Reporters Without Borders strongly condemns the sudden escalation in cyber-censorship by the Tajik government. Since 2 March, a dozen local Internet Service Providers have received orders to block access to the social network Facebook and four independent news websites.
“A year and a half after the last episode of this kind, the Tajik authorities have gone back to large-scale cyber-censorship,” Reporters Without Borders said. “This major blocking initiative is as inacceptable as it is absurd.”
For the most part, it has been impossible to access Facebook, the Russian geopolitical analysis site Polyarnaya Zvezda (Polar Star), the Tajik exile political news site Tjknews.com, the Uzbek news site Maxala.org and the Central Asian news site Centrasia.ru since the morning of 3 March.
State telecommunications chief Beg Zukhurov denied on 5 March that any orders had been given to ISPs and blamed “technical problems.” But the local press obtained a copy of a letter signed by Zukhurov’s deputy which was received by the main ISPs and which told them to “block access” to these five sites “in connection with preventive technical work (LINK).”
According to the information obtained by Reporters Without Borders, Poliarnaya Zvezda was the first site to be blocked, on the evening of 2 March. This tends to support the theory of several commentators that the cyber-censorship was prompted by an article on this site entitled “Tajikistan on the eve of a revolution” that was very critical of President Emomali Rakhmon’s government.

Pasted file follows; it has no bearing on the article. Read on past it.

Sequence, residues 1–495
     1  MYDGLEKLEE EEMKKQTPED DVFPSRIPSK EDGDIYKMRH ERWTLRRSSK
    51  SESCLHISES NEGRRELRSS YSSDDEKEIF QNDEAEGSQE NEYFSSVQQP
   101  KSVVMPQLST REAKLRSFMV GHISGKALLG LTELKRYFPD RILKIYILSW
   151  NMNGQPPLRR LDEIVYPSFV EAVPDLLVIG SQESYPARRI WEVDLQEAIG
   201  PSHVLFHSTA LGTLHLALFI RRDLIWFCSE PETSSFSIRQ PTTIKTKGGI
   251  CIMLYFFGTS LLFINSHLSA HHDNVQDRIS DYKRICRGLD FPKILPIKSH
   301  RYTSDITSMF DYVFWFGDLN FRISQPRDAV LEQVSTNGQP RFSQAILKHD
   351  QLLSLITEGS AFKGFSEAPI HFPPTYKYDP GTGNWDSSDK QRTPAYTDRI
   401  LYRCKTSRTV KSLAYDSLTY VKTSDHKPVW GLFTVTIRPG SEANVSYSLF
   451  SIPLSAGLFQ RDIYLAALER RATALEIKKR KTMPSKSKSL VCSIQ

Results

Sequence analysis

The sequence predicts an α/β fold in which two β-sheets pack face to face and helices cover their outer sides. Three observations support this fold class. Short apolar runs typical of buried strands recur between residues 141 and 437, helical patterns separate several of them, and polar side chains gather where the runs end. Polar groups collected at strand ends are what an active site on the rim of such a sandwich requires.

It is thought that the other sites were blocked when they, too, posted the offending article. Central Asia’s leading Russian-language news website, Fergananews, has meanwhile been surprised to learn that it has also been partially blocked in Tajikistan for several days.
The ruling People’s Democratic Party meanwhile announced yesterday that it plans to launch an alternative social network. The plan is reminiscent of the Uzbek government’s recent creation of Muloqot.uz, a national social network that is monitored and expurgated.
Generalized content filtering and attempts to move Internet users to “national” social networks are spreading alarmingly in Central Asia. So is the idea that the Internet should be carved up into national segments that are subject to locally-determined norms in the name of “security” and “local values.”
Tajikistan submitted a proposal for an “Internet code of good conduct” to the United Nations on 23 September. Supported by China, Russia, and Uzbekistan, it basically aims to subject the free flow of information to local standards and government imperatives.
(Photo: Dieter Nagl / AFP)